Mock Mars Mission: How to Stay Clean on the Red Planet

Commander Crock Examines Shells
Crew 133 commander Paula Crock bends down to examine some fossilized shells near Utah's Mars Desert Research Station. Staying clean is one of the big challenges after activities outside. (Image credit: Elizabeth Howell)

HANKSVILLE, UTAH – During an orientation walk around the Mars Desert Research Station in Utah on Jan. 5, our crew confronted a steep hill.

Those with hiking experience bounded up the hill like mountain cats. Those less adept (such as me) faced a painful, slippery slide up and down in the mud. It was one of our last activities before going into the full Red Planet "simulation," which includes wearing spacesuits for daily activities.

Crew 133 commander Paula Crock during a "Marswalk" near the Mars Desert Research Station in Utah. (Image credit: Elizabeth Howell)

By the time I got back, my two layers of pants were soaked through and my boots were completely surrounded by mud. Inside our 1,200-square-foot habitat, other crewmembers and I left gobs of sticky clay on the floor as we pried our sweaty feet out of our boots. [See photos of the mock Mars mission]

As with Mars, dust is one of the chief enemies for our University of North Dakota-led crew that is simulating Red Planet exploration. And staying clean in general for Crew 133 is a challenge because, again like crews in space, our water is restricted. A combination of house rules about shoes, and creative showering, helps us keep the mud to a minimum.

There are no laundry facilities at MDRS, so one crewmember suggested taking my muddy pair of pants outside and washing it in the snow. (Thankfully, we weren't into the full simulation yet.) This saved on water and got the worst of the brown off the pants, although they still don't look very clean. In fact, most of the clothes I wear get some sort of dust or dirt on them very quickly.

Outdoor shoes are prohibited on the top floor of our habitat for obvious reasons. Down below, crewmembers try where they can to keep muddy footwear near the entrances. If we're coming from outside wearing spacesuits, however — something we do for most outdoor activities — it's difficult to bend down to untie our shoes. In those cases, a crewmember waits until the mud dries, and cleans up the mess immediately.

Hot water (and water in general) at our facility is limited, and there's no heat in the downstairs bathroom. After a couple of frigid showers, a crewmember bumped up the water heater temperature and found an extra floor heater for the bathroom. That went a long way to making us feel more comfortable.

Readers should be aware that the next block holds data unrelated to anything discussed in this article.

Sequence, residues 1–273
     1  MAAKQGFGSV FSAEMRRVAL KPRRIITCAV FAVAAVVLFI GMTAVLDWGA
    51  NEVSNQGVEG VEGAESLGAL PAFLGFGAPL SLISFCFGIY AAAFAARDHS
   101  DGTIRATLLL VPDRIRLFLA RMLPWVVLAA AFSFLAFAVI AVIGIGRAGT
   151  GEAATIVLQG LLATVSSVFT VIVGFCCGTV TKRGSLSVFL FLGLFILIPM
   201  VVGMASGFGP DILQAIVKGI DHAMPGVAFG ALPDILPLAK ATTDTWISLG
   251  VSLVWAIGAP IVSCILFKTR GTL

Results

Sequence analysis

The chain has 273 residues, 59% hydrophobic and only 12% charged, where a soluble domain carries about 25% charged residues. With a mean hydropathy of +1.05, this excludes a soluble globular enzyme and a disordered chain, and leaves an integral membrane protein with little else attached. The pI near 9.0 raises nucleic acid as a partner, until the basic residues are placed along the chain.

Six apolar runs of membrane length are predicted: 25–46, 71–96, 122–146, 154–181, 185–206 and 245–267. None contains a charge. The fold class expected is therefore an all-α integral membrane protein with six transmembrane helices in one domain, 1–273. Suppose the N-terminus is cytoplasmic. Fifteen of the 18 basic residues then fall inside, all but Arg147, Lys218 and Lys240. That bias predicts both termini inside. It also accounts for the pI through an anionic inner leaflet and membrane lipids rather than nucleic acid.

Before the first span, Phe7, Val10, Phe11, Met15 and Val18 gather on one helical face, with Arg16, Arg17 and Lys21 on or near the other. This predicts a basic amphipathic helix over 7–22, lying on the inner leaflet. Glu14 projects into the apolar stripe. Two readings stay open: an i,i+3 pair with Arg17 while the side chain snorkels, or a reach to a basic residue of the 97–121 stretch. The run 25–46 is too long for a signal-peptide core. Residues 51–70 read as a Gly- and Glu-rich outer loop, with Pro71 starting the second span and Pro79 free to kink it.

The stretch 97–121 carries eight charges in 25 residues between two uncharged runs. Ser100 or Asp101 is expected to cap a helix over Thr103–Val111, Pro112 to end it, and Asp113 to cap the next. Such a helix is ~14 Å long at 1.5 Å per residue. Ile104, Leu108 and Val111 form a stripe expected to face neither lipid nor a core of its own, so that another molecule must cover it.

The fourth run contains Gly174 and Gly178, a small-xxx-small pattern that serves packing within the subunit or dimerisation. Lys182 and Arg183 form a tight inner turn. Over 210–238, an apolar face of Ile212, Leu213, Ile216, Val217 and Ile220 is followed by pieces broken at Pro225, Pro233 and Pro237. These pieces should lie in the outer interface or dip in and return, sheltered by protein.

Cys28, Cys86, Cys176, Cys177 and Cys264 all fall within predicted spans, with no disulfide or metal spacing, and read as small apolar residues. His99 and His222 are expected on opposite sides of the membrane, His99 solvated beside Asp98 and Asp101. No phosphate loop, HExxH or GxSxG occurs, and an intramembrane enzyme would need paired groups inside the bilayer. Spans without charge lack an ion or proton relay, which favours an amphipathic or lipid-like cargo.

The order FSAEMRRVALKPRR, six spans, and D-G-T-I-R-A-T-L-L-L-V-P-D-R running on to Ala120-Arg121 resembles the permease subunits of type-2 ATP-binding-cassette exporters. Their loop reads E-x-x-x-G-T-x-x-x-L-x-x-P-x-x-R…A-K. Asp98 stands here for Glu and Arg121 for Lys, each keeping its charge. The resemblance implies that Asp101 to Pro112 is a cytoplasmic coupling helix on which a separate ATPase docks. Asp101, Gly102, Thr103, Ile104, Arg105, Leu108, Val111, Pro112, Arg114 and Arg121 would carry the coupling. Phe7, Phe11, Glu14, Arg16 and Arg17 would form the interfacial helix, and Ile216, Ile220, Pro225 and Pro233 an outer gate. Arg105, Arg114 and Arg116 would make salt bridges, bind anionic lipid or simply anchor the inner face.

Over the years, crews have also handed down small ideas for feeling as clean as possible: lotions for dry skin, no-rinse body soap for days when you're not using the shower, and ways of airing out clothes in between wearings so that we can reuse them for a day or two.

Elizabeth Howell will do a two-week simulation at the Mars Society's Mars Desert Research Station from Jan. 4 to 19. Have a burning question about the mission or a picture you really would like to see from the site? E-mail for the chance to get your question answered in a future story.

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Elizabeth Howell
Staff Writer, Spaceflight

Elizabeth Howell (she/her), Ph.D., is a staff writer in the spaceflight channel since 2022 covering diversity, education and gaming as well. She was contributing writer for for 10 years before joining full-time. Elizabeth's reporting includes multiple exclusives with the White House and Office of the Vice-President of the United States, an exclusive conversation with aspiring space tourist (and NSYNC bassist) Lance Bass, speaking several times with the International Space Station, witnessing five human spaceflight launches on two continents, flying parabolic, working inside a spacesuit, and participating in a simulated Mars mission. Her latest book, "Why Am I Taller?", is co-written with astronaut Dave Williams. Elizabeth holds a Ph.D. and M.Sc. in Space Studies from the University of North Dakota, a Bachelor of Journalism from Canada's Carleton University and a Bachelor of History from Canada's Athabasca University. Elizabeth is also a post-secondary instructor in communications and science at several institutions since 2015; her experience includes developing and teaching an astronomy course at Canada's Algonquin College (with Indigenous content as well) to more than 1,000 students since 2020. Elizabeth first got interested in space after watching the movie Apollo 13 in 1996, and still wants to be an astronaut someday. Mastodon: